(Update: The impeachment trial for Matthew Komalty, chairman of the 14,000 member Kiowa Tribe was halted Thursday, July 30, after the Court of Indian Offenses ordered a delay. Komalty sought the delay because of a concern that two legislators were reportedly exposed to COVID-19, one receiving a false positive test result, according to Angela McCarthy, the legislature’s speaker. The impeachment trial is now set to resume Wednesday, Aug. 5. The story below previewing the impeachment trial remains in its original format.)
The Kiowa Tribe chairman is facing impeachment over his handling of COVID-19 relief funds by the tribe’s seven member legislative branch.
The alleged mishandling of funds, distributed by the federal government through the COVID-19 CARES Act, is one of five “constitutional violations” Chairman Matthew Komalty will be facing in a 10 a.m. public hearing set for Thursday, July 30, at the tribal headquarters in Carnegie, 80 miles west of Oklahoma City.
This story was reported by Gaylord News, a Washington reporting project of the Gaylord College of Journalism and Mass Communication at the University of Oklahoma.
In addition to the mismanagement of CARES Act funding, Komalty is charged with wrongful termination of Kiowa gaming employees, failing to go through the proper process on the annual tribal audit, failing to ensure that the treasurer was properly bonded, implementing salary increases without approval and unapproved appointment of an executive director, said Angela McCarthy, speaker of the Kiowa Legislature.
“We have to only find him impeachable on one of the charges (…) and our basic stance is that we’re doing it on behalf of the people, protecting our people,” McCarthy said. “We’re their voice, and this is one of their only recourses.”
The Kiowa Constitution outlines that impeachment requires a unanimous vote by all seven legislators. Impeachment is effective immediately, if adopted.
The seven tribal legislators unanimously approved proceeding with the Komalty’s impeachment June 23.
Recall effort also underway
At the same time, Komalty is facing a potential recall election that was launched June 20, only three days before the impeachment vote. Tribe members would need to collect 1,511 signatures to force the recall vote. There are about 14,100 enrolled members of the Kiowa Tribe, according to Freida Satepeahtaw, director of the tribe’s COVID-19 response program.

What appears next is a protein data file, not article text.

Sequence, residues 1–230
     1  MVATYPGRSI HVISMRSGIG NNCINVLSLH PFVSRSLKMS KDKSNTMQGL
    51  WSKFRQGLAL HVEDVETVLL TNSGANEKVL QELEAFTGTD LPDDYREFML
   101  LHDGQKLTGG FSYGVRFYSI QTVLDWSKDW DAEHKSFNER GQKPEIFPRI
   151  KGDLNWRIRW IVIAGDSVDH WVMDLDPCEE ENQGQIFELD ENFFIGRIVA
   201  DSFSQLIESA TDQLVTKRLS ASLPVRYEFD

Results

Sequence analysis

To recall the chairman from office, the amount of signatures obtained on the petition must be the same amount as the number of votes of the election from when Komalty took office. The tribe’s election commission then would host a special election for the recall, and votes for the recall must either match or be higher than the number of people who signed the recall petition.
“There is no basis for any of these charges,” Komalty said in an interview with Gaylord News.
If Komalty is impeached, all CARES Act spending would be temporarily halted until it can be voted on by the Kiowa Indian Council. First elected in 2017, Komalty said this would “place all tribal members in jeopardy” and delay distribution of the COVID-19 CARES assistance to members for months.
“When I took office, my two priorities were to take care of our school children and take care of our elders,” Komalty said. “I have a background in education. I was raised by my grandpa and grandma, so that’s where I come from. I told my son and daughters the other day, when I pass away, all I want on my headstone is that ‘he cared’. And that’s what we do, we care. Everybody here has got big hearts, and that’s all we care about is our people.”
McCarthy said this isn’t the first time the impeachment of Komalty had been discussed within the Kiowa Tribe Legislature. However, this is the first time it’s been put through the beginning stages of the process.
Komalty’s possible impeachment and recall from office marks 10 years of turmoil in tribal leadership. The Bureau of Indian Affairs had refused to recognize the results of Kiowa tribal elections until Komalty’s in 2017. The BIA intervened in the tribe’s 2015 election after “four years of broken government” within the tribe, a move the tribe fought.
Kiowa elder J.T. Goombi, however, questions Komalty’s transparency on allocating the CARES Act money.
“Did [Komalty] get out here and say, ‘Here, we got money and here’s what we plan to do with it?’ That’s not there. So that’s become a big problem,” Goombi said. “It wasn’t until [Komalty] got his impeachment charges, and his recall charges, that he started publicizing the things that he was going to do and try to do. You don’t wait till you get in trouble and then start publicizing all the good stuff that you learned to do. It’s a little after the fact.”
Goombi said a forensic audit is the biggest thing that would help the Kiowa Tribe. A forensic audit would seek to identify the origin of the funding and anybody that had access to it, and it would identify weaknesses in operating policies while suggesting changes to the policies, Goombi said.
“I think if we can get our forensic audit done, that’ll give us a starting place. Anything less than that, we’re just gonna be spinning our wheels and looking bad for the next 20 years,” Goombi said. “The Bible says, ‘You build your house on solid ground, you’ll stand.’ Up to now, we’ve gotten where we’ve been building on sand. And you know what comes with that.”
(Correction: This story was updated at 4:30 p.m. Friday, July 24, 2020, to correct reference to the Kiowa Tribe’s 2017 election.)